Similarly, the imposition of mandatory sex offender registration obligations reflected no personal judgment about Tyler but, rather, the legislature’s painting with broad brushstrokes. Still, he would be the one dragging this ball-and-chain through the community for years to come as he confronted issues such as housing and employment options. Presumptive sentences and uniform, mandatory restrictions serve a worthy purpose of restricting the discretion that may sometimes mask preferential treatment based on judicial whim or impermissible factors such as race or class. On occasion, this may cause discomfort to the judge and to others in the individual case, but to do my job, it is often necessary to step back and focus on the broader societal perspective. This is an ability ingrained in legal professionals but, for trial participants, one that is understandably hard to see and harder to accept.

Fearful of drifting away untethered on a sea of abstraction, I offered an only half-joking suggestion for a powerful deterrent: billboards and bus ads featuring the hefty detective, shirtless and hunched over his laptop with a mischievous grin. The caption might read “Here is that 15 year old blonde cheerleader you think you’re emailing.” Although others did, I don’t recall that Tyler smiled.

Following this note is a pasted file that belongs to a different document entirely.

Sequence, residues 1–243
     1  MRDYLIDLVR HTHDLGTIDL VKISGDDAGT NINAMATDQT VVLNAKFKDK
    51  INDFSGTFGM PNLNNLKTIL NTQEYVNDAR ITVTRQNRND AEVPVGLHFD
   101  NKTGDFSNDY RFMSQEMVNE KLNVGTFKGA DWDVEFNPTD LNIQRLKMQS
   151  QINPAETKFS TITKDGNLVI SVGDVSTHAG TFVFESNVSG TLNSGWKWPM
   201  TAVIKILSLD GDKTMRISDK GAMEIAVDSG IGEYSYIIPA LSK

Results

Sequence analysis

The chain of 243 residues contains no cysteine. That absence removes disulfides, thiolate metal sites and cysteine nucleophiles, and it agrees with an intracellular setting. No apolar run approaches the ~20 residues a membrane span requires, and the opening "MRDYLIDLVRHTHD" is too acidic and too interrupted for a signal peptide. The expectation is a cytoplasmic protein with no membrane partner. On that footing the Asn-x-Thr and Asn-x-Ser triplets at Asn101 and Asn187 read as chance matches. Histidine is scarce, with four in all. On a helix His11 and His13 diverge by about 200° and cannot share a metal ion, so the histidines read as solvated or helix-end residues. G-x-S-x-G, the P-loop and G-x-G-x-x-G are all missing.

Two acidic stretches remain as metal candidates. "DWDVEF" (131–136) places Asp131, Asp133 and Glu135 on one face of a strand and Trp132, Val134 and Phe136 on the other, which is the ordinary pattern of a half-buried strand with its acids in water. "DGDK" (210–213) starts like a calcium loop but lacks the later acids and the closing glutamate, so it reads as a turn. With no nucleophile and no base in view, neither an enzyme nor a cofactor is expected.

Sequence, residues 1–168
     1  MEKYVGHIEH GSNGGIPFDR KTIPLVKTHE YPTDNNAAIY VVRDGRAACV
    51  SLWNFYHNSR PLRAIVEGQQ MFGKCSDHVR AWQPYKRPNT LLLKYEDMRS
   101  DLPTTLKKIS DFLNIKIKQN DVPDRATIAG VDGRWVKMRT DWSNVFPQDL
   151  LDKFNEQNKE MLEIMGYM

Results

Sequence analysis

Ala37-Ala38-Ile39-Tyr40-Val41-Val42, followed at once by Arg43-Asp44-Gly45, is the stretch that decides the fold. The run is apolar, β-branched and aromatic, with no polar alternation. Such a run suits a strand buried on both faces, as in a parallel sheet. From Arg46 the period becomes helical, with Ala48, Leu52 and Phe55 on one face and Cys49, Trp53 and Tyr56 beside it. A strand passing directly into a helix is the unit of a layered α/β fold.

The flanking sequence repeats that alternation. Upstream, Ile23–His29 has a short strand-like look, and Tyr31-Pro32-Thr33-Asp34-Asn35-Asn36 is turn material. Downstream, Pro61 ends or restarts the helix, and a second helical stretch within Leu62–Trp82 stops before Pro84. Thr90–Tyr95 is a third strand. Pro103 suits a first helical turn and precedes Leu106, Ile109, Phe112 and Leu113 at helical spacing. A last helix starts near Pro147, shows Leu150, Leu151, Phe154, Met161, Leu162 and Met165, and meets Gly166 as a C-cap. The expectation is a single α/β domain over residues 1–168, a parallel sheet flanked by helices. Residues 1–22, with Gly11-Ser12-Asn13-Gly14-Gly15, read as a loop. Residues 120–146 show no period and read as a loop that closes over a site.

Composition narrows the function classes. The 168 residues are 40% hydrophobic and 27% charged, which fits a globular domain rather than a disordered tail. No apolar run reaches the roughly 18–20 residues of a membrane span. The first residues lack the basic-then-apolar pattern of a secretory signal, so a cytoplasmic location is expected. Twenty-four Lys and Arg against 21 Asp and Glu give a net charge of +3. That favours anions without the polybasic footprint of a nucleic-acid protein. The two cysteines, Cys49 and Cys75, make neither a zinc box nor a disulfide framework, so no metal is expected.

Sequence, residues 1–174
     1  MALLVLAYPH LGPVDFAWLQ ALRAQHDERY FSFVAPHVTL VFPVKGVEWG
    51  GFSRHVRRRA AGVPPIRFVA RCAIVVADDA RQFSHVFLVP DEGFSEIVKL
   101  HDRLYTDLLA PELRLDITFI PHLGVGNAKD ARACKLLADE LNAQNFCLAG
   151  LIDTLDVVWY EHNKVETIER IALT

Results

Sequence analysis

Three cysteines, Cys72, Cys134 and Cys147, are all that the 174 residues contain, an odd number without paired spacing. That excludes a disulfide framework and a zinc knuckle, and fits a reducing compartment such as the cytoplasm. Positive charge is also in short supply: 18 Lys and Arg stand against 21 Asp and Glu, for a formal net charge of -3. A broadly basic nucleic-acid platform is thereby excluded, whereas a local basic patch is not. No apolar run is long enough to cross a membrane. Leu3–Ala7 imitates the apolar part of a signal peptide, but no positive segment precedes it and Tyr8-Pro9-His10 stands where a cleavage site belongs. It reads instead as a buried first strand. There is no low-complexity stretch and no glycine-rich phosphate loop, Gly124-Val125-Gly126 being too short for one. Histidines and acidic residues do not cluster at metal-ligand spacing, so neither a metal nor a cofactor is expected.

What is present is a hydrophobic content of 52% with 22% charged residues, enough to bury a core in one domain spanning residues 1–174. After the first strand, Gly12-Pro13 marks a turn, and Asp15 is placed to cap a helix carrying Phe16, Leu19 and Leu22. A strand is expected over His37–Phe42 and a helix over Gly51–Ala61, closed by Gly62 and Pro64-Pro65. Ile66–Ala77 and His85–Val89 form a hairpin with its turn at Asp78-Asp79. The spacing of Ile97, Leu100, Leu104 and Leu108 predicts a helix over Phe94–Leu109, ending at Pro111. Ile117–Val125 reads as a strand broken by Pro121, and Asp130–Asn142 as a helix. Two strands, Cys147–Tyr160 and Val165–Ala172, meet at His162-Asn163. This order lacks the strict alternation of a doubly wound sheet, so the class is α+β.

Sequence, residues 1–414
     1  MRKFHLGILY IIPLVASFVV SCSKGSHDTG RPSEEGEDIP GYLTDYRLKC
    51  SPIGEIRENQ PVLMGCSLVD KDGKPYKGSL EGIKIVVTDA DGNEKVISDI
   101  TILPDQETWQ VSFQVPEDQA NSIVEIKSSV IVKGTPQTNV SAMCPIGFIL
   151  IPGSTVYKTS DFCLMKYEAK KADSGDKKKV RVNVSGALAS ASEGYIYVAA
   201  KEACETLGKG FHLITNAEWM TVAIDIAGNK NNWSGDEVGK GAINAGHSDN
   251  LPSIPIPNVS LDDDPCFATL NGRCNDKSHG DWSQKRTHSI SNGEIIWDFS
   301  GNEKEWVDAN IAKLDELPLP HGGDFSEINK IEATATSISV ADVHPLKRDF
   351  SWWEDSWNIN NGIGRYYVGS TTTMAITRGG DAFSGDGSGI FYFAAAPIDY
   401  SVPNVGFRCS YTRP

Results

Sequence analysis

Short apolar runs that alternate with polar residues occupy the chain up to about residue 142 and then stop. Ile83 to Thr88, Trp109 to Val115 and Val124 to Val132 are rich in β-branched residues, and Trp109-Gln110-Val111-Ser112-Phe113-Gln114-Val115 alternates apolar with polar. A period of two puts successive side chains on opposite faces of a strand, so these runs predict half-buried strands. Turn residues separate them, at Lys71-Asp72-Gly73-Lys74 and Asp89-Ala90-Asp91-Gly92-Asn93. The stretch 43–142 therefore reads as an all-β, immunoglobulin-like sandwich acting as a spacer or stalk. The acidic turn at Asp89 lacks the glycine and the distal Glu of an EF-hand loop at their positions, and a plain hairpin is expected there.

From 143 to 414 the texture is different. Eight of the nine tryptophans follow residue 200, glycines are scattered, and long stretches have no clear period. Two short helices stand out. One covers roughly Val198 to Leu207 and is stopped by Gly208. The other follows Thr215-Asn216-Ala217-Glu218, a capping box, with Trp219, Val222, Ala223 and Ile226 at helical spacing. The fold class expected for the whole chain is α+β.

Then, in early December, I received my second email from Tyler’s mother, and it pierced me like a bayonet. The matter-of-fact tone of her words somehow amplified the emotional impact of her news rather than obscuring it. “I am writing to inform you that my son Tyler will not be serving his sentence as he died last night at his own hands.”

Although reading Phil Klay’s fiction can help, none of us can really know what inner demons beset Tyler. From the witness stand at trial, he described himself as “lonely, lost, depressed and self-destructive.” And that was merely at the time he placed his ad and took his cash to meet the girl. After his arrest and conviction, certainly there were layers of guilt, shame, fear and an assortment of other emotions piled on top of all that. His Mom wrote that she couldn’t begin to name all the obstacles he felt were in his path. But she knew he found them “insurmountable.”